‘Daily Giggles’ have helped us through

If there is a silver lining on what we’ve endured since middle of March, it’s the shared experience we now have.

You cannot minimize how hard it has been on some.

First, for the ill and those who have succumbed to the virus.

But also for the children residing in hard places. For the breadwinners who can’t provide because they cannot work from home. For the parents who can but who have had small kids to care for. For the business owners forced to shut down. For the elders shut in.

Lord, help us.

Notwithstanding the hardships, laughter has helped us through. This shared experience has given us something to latch onto.

Below are my favorite tweets, memes and posts from this season of quarantine, many of them courtesy of a clever relative who sends a text of “Daily Giggles.”

“I’m not adding this year to my age; I did not use it.”

“This quarantine made me realize I have no real hobbies besides going out to eat and spending money.”

“I am now limiting screen time to one hour per hour.”

The meme of Marty McFly and Doc Brown in Back to the Future: “Marty,” Doc says, “Whatever happens, don’t ever go to 2020!”

The image of the perplexed woman on Who Wants to Be a Millionaire? The question: What day is it? The choices: A. Monday B. Tuesday C. 1982 D. Saturday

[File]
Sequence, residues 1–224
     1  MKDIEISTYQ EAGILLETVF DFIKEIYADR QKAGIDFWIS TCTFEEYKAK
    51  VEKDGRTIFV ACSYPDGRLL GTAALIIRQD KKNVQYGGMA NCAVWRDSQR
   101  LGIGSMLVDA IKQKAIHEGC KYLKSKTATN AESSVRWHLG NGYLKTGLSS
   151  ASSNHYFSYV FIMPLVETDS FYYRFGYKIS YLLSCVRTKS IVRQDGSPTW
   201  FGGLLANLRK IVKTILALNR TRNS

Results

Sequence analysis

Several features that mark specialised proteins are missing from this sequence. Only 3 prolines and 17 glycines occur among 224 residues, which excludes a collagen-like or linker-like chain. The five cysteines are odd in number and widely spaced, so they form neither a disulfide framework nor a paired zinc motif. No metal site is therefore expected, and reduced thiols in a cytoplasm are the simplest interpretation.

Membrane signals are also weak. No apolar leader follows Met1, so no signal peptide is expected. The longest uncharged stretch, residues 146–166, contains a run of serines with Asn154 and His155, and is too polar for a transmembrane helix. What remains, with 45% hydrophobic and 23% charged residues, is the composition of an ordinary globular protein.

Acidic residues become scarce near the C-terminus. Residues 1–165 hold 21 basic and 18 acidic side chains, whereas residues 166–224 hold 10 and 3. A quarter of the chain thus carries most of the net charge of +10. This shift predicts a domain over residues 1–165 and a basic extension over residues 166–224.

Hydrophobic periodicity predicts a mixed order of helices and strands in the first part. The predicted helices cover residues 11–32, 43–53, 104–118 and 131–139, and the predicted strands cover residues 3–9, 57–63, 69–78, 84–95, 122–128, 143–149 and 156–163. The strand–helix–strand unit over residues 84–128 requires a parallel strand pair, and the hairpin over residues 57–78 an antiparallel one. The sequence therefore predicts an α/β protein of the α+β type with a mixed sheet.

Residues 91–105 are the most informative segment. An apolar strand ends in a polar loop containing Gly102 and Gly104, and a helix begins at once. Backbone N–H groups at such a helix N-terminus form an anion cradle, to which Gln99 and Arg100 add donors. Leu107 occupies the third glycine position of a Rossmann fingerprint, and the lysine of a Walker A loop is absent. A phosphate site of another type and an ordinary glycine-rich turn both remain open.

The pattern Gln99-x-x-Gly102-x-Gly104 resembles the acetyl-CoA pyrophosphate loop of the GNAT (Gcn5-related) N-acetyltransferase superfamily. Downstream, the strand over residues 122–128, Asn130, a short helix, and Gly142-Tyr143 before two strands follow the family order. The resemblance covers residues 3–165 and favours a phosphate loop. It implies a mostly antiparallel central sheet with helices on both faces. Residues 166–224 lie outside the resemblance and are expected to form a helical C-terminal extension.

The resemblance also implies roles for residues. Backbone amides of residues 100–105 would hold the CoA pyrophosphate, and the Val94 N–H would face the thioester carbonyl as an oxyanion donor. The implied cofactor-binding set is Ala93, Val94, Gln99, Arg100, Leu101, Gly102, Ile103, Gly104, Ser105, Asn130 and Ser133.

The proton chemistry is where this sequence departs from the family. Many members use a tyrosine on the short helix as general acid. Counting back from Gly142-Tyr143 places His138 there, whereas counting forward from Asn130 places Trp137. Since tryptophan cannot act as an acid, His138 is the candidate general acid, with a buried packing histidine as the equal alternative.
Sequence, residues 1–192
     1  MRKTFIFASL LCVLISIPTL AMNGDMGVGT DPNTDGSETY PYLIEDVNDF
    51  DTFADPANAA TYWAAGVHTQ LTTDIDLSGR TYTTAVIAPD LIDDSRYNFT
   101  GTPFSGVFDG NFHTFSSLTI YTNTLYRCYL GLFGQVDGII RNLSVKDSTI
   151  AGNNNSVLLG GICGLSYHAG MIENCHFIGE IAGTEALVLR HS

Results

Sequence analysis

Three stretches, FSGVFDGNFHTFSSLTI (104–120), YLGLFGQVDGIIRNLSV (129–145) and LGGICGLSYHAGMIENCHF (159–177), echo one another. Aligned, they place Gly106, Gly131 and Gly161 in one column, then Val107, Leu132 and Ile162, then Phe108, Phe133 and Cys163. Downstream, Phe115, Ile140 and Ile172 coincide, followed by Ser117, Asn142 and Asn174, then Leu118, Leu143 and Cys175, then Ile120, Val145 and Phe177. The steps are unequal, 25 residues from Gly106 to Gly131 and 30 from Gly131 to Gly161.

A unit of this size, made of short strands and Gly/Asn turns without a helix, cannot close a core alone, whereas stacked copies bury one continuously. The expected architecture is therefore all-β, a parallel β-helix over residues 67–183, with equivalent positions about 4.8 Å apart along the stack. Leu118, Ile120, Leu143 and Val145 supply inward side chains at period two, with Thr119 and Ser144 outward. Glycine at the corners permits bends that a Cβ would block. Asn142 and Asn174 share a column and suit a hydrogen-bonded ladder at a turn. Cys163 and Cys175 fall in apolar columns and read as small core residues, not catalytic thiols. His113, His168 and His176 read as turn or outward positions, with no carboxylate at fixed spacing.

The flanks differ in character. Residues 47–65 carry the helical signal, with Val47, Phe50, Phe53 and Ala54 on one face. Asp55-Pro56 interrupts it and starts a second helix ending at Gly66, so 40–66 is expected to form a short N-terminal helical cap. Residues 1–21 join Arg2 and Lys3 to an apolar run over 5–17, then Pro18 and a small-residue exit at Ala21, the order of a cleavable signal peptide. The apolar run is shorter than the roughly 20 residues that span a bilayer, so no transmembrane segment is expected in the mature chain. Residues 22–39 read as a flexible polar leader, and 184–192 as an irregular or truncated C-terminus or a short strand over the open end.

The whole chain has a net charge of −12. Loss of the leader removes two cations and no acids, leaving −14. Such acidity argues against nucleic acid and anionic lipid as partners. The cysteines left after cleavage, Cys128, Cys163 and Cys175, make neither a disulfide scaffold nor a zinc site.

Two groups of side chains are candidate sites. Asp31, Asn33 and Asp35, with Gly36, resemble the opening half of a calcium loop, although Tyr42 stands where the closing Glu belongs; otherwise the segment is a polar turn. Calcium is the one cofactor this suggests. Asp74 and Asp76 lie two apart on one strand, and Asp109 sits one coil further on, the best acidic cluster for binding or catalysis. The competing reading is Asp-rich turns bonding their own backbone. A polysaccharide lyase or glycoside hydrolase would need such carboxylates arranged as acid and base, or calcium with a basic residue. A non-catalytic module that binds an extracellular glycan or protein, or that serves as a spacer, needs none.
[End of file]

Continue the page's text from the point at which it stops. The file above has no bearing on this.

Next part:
“Happy Thursday, everyone. Only two more days ‘til it feels like the same day as today.”

It feels like life is being written by a 4th grader right now: “And there was this virus and everyone was scared and then the world ran out of toilet paper. Yeah, and then there was no school for like a month and then it snowed!”

“Where is Morgan Freeman? Shouldn’t he be narrating this or something?”

“Imagine if you will a world where Cinco de Mayo falls on Taco Tuesday only to be ruined by a virus named after a Mexican beer.”

Me: “This show is boring.” Boss: “Again, this is a Zoom meeting.”

“Homeschooling is tough. Today I had to tell my son he didn’t make our baseball team.”

The photo of a kid stepping onto the school bus and waving back to his mom. The caption: “What moms really want for Mother’s Day”

“Not to brag, but we haven’t been late to anything in two weeks.”

The billboard at the Mexican food restaurant: “Today’s offer: Buy any two tacos and pay for them both.”

“I might sleep on the couch to cut down on my morning commute.”